MEGHAN MCCAIN: Yeah. It’s funny. This is the only — the second thing I’ve ever executive produced, and the last one was a very serious political documentary, so it’s I’m delighted to be doing something that everyone in my life will want to consume because, obviously, politics is incredibly divisive, and this is something that is meant to be, you know, feel good and it’s going to bring people together. I had read “Don’t Sweat the Small Stuff” at different incarnations in my life. I read it when I was much younger when my mother had read it when it first was released, and I told Kristine and Maura when I first met them it was a book that my mother had on her nightstand in her bedroom growing up, and I can remember just the very distinctive title and it always being sort of like something I remembered, and then after my dad died I went on Amazon and just looked up books that were good for grief, and the book came up again, books for good — the good books about in moments of crisis in your life. And then my agent had come to me saying Lifetime was possibly interested in partnering with me on projects, and I said it would have to be something that would be organic and something that I would have to be authentically passionate about, otherwise, it wouldn’t work. And when Maura came to me with “Don’t Sweat the Small Stuff” I felt like it was incredibly serendipitous, because I had started rereading again for some of its meaningful and evergreen messages during COVID, and I just was so excited at the idea of this medium being turned into a film because, again, I have a lot of friends who are incredibly busy and they don’t have time to read all the time. Sometimes they don’t have the bandwidth, and I just think Kristine’s story and Richard’s story is something that so many people can relate to, especially post COVID during this time of such pain and loss. And I’m just really proud of it, and I’m really excited to be doing something that everyone I know and everyone I respect has been excited about and will be excited to watch. And this is a movie that you’ll be able to watch thirty years from now and fifty years from now and sixty years from now. I really believe this is going to be one of those movies that’s going to stay in our lexicon just like the book has. So it’s really just a privilege to be working with these incredible women and to be a part of this project, and I’m really delighted, and I just am so excited for its release coming out soon, and it’s around my birthday, and I just — I don’t know. It’s just been — This whole experience has been wonderful and I’m really, really honored to be a part of it.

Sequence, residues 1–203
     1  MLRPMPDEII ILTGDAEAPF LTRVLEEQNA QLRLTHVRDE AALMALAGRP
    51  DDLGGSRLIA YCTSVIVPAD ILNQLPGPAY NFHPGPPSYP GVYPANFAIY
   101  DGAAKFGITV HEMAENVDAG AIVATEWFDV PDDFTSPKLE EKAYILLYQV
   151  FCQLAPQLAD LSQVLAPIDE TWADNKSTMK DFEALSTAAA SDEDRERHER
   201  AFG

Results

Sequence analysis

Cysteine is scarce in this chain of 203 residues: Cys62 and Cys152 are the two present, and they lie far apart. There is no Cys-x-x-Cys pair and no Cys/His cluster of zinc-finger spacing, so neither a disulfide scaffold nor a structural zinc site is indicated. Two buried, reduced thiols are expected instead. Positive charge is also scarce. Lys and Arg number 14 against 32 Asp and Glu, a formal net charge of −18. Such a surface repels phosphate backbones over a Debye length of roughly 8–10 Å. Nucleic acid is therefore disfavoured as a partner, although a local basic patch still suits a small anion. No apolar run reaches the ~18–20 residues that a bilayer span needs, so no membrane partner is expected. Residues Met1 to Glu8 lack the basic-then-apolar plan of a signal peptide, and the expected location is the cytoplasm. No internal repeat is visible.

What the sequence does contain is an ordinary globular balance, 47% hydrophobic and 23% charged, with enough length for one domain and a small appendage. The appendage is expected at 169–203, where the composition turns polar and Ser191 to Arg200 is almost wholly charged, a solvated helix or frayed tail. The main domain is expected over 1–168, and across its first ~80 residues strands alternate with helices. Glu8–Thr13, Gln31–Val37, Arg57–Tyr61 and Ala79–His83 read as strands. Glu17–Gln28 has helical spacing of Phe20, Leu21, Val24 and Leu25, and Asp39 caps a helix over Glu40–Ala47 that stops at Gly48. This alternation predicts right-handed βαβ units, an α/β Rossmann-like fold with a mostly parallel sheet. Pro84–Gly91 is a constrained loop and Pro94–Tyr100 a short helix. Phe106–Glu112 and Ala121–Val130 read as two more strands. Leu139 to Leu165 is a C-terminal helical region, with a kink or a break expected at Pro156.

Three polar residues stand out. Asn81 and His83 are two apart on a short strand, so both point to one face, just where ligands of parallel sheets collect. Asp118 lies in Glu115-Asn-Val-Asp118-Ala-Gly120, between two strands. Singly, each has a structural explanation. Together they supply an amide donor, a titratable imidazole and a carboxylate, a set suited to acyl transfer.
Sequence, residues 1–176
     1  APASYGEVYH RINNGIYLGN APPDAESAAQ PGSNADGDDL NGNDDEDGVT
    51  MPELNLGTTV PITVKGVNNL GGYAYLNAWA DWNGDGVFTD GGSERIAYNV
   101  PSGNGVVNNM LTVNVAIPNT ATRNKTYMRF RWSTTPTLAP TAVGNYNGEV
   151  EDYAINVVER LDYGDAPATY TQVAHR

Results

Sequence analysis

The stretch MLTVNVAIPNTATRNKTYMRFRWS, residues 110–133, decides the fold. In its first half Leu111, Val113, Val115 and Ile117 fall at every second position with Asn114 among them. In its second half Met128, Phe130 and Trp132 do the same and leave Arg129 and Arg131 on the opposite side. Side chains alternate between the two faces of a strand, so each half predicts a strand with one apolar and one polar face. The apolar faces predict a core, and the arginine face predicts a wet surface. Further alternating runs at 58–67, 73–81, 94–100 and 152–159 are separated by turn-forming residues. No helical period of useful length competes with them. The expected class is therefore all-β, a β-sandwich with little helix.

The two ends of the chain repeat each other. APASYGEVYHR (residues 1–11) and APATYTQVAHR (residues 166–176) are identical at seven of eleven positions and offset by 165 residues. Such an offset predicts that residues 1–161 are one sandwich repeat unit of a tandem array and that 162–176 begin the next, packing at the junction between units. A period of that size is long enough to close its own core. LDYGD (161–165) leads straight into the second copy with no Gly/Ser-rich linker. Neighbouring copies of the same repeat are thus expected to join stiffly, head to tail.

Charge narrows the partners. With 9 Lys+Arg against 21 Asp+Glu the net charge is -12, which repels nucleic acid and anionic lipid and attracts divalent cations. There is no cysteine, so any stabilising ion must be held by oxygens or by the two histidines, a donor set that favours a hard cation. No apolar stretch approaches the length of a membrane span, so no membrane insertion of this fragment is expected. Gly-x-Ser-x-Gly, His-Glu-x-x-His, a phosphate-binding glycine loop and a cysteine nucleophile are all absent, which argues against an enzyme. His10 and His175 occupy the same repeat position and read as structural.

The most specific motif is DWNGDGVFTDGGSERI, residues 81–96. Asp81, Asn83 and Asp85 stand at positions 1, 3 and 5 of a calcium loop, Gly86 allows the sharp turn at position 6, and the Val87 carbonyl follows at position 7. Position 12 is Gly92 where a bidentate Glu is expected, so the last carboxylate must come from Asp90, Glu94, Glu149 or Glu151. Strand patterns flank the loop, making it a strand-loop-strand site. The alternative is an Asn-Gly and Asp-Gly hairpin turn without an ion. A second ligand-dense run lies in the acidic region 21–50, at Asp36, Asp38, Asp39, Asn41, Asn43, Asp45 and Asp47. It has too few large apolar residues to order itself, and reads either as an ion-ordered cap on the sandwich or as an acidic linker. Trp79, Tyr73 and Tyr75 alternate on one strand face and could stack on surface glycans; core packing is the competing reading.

QUESTION: Thank you very much.
MODERATOR: Thank you, Jay. We thank you, Meghan. The next question is from Suzanne.
QUESTION: Hi. My question is for Heather. Did you meet Kristine before the filming of the movie and talk to her to get an idea about your character at all?
HEATHER LOCKLEAR: Yes. I did meet her. I flew up on a coach flight, just saying, to meet her, and she picked me up and was a little late but, yeah, I went up, and I spent the night, and we spent a night with our friends, both of our friends that happened to know each other, which is all synchronicity. And I had read the book before, and I had talked to her a lot saying I can’t get through your book right away, because it’s making me cry. It’s giving me — which happens every time I talk about it. Anyway, so, meeting her was such a joy and such a light in my life, and I can’t imagine what she was and is in everyone else’s light — life, but meeting her, and I went to dinner, and she talked about all kinds of stuff and showed me Richard’s jacket that was in her office that stayed there since he passed — that’s fifteen years, by the way — and told me different stories and told me stuff that I was afraid of, to do, to play, and how, you know, what happened. And then I got to have coffee with her in the morning in her bed, and I felt like this must have been what Richard and Kris together. They sat there with their coffee. They meditated right here, and it felt so unique and so special and on a different level than I am on. I would like to be her level, but I’m not quite there, or their level. And it was so, so special, so special that she’s coming out for my 60th birthday to stay with me, yay. What more can I say? Oh, I can say something else that has nothing to do with that question. So my mom says today that Meghan is her favorite person. She’s watched her. Yeah, and but she actually happens to love your husband.
MEGHAN MCCAIN: Then she is hardcore, she loves my husband —
HEATHER LOCKLEAR: She’s hardcore. She’s definitely. She’s so hardcore that I have to stop her and go: “Enough, don’t sweat the small stuff; don’t sweat the small stuff.” But she’s in love with your husband and thinks you’re fantastic.
MEGHAN MCCAIN: Thank you.
HEATHER LOCKLEAR: And that’s all I wanted to tell you and let you know that.
MEGHAN MCCAIN: Thank you very much.
HEATHER LOCKLEAR: Yeah.
MEGHAN MCCAIN: Tell her, please, thank you.
HEATHER LOCKLEAR: Oh, trust me.
QUESTION: Thank you.